Does Your Restaurant Host Have the Most?

 In Bar & Restaurant Operations, Customer Service

Here’s a question: How much thought goes into your hires for the position of host/hostess?

If you’re doing little more than sticking an employee inside the front door because of his fantastic jawline or her girl-next-door personality the answer is probably “not enough.”

A job we consistently see bars and restaurants mishandle is that of host. Though they don’t have the more obvious role of a bartender, server or cook, hosts are quite a bit more important than you might think.

Customer service can’t be neglected when you’re slammed, and that is precisely when a strong host is needed most. The host is your restaurant’s ring master; they are the middle-man between customers and the kitchen. At your absolute busiest they might be the difference between a successful shift or complete disaster.

So what, then, should you look for when filling this post? We’re reminded of an adage used in many different industries with regards to hiring for jobs that place an emphasis on customer service:

Hire for attitude, train for skill. 

The host is going to encounter people with a lot of potentially difficult questions. How long until our table is open? Why isn’t my to-go order ready? I have two last-minute additions to my reservation — can they join us? Why not?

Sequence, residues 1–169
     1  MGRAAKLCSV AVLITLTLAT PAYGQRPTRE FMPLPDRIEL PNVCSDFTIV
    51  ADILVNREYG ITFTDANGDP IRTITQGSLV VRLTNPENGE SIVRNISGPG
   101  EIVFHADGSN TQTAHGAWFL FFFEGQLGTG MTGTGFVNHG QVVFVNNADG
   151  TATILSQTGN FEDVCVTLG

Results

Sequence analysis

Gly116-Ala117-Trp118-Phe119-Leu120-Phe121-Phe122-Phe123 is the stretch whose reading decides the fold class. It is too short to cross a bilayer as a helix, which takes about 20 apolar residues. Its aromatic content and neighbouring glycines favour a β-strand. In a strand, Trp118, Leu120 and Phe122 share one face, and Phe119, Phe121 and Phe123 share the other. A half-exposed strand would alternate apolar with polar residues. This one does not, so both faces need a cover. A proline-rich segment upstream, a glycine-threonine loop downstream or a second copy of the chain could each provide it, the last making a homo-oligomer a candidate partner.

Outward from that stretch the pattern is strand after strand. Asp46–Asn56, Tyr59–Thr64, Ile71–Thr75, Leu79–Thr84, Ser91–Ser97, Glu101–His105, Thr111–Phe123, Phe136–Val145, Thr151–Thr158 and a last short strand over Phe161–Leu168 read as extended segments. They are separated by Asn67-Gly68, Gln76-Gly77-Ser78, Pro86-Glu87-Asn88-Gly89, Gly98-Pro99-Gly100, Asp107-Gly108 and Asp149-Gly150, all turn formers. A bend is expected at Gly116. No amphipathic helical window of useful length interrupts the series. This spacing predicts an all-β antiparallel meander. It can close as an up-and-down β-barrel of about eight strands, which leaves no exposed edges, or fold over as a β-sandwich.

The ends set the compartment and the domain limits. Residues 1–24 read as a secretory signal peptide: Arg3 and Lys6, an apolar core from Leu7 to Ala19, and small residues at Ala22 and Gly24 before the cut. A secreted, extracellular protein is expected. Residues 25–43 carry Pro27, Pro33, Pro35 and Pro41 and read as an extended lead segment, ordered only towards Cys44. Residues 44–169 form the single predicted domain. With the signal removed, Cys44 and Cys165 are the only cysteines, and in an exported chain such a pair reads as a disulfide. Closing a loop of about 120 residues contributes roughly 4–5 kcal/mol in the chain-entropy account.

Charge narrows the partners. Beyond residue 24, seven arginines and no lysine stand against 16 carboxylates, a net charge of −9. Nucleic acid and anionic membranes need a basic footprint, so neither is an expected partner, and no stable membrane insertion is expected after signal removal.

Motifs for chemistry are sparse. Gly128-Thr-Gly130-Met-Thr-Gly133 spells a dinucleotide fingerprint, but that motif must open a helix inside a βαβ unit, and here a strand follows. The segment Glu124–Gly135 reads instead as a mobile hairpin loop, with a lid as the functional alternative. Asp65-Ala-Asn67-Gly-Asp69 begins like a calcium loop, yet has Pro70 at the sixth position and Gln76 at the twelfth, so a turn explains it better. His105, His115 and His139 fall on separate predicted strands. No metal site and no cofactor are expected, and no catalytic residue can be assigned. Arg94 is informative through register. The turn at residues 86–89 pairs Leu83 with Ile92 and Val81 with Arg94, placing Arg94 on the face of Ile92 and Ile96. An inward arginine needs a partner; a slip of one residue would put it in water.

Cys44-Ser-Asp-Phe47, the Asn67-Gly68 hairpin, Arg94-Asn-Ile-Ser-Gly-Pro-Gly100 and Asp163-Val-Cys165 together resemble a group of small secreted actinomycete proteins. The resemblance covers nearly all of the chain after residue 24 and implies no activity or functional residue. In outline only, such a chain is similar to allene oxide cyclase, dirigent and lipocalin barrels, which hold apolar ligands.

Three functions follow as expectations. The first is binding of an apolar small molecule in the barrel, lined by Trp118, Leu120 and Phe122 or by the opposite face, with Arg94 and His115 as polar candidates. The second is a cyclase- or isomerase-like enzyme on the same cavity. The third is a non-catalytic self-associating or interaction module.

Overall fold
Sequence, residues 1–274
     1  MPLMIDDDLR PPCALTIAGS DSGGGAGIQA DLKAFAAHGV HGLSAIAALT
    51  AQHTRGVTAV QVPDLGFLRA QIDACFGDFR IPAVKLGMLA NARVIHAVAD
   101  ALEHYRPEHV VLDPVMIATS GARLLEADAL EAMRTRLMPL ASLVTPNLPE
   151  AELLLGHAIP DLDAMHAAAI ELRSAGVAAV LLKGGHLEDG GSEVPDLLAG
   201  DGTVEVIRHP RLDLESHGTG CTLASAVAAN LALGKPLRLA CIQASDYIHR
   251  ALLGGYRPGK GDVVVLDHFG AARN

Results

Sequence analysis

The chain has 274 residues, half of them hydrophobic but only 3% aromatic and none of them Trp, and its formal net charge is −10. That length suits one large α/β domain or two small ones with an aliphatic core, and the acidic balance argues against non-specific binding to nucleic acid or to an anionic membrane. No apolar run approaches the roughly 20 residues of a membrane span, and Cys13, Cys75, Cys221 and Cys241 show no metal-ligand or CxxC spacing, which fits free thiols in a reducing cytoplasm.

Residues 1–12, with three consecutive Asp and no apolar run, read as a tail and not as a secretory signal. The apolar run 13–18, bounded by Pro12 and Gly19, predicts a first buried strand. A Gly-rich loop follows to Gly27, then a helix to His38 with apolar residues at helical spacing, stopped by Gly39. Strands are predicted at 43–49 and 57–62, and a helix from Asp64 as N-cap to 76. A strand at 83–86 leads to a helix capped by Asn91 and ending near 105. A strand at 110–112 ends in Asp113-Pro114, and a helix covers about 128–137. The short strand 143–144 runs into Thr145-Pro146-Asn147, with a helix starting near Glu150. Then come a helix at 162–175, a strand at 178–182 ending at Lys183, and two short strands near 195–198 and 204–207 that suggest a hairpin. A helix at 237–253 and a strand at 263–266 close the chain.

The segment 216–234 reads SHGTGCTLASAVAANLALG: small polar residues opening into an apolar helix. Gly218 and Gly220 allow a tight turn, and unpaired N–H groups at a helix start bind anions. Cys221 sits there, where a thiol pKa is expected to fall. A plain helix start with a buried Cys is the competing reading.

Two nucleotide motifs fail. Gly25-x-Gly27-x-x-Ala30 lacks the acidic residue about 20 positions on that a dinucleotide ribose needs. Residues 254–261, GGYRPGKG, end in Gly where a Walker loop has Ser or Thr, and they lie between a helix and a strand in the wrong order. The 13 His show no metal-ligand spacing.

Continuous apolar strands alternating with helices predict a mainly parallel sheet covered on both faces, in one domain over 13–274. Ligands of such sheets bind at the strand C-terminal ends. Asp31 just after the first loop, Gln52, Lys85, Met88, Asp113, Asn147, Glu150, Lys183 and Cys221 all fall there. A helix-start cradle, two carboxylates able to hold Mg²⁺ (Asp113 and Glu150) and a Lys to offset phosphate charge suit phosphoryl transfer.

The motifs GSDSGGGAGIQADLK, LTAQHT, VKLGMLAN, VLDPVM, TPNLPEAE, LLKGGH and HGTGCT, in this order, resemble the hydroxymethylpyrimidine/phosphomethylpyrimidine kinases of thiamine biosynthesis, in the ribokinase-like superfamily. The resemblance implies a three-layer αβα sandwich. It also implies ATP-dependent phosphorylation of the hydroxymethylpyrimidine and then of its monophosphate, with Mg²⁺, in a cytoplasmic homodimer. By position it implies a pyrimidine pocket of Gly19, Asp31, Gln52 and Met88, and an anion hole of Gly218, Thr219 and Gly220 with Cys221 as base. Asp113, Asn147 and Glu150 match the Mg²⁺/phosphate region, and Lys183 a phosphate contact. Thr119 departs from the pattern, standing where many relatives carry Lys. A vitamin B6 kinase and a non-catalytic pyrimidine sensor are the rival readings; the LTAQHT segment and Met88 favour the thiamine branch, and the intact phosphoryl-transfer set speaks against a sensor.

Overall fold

In terms of customer service, the most important factor will be whether your host is able to field queries from occasionally stressed-out customers with poise and grace. That’s not a trait you’ll be able to teach somebody, either. They’ve got it or they don’t.

You can teach a person how to navigate the computer that manages your reservations, but you can’t teach them to keep a positive attitude when a guest is virtually screaming at them because they’ve had to wait ten minutes longer than promised.

And make sure you’re keeping in mind the difference between service and civility. Civility is a baseline of manners we expect in all personal interaction. What you need here is somebody who can provide service. They’ll need to go the extra mile to ensure every possible need of the customer is met. Ideally they have the type of personality that anticipates problems before the customer has the chance to mention them.

Ultimately you’re probably better off hiring somebody with no restaurant experience who seems unfazed by stress than you are veteran of the industry prone to confrontation. Seek out the proper personality and the rest will fall into place.

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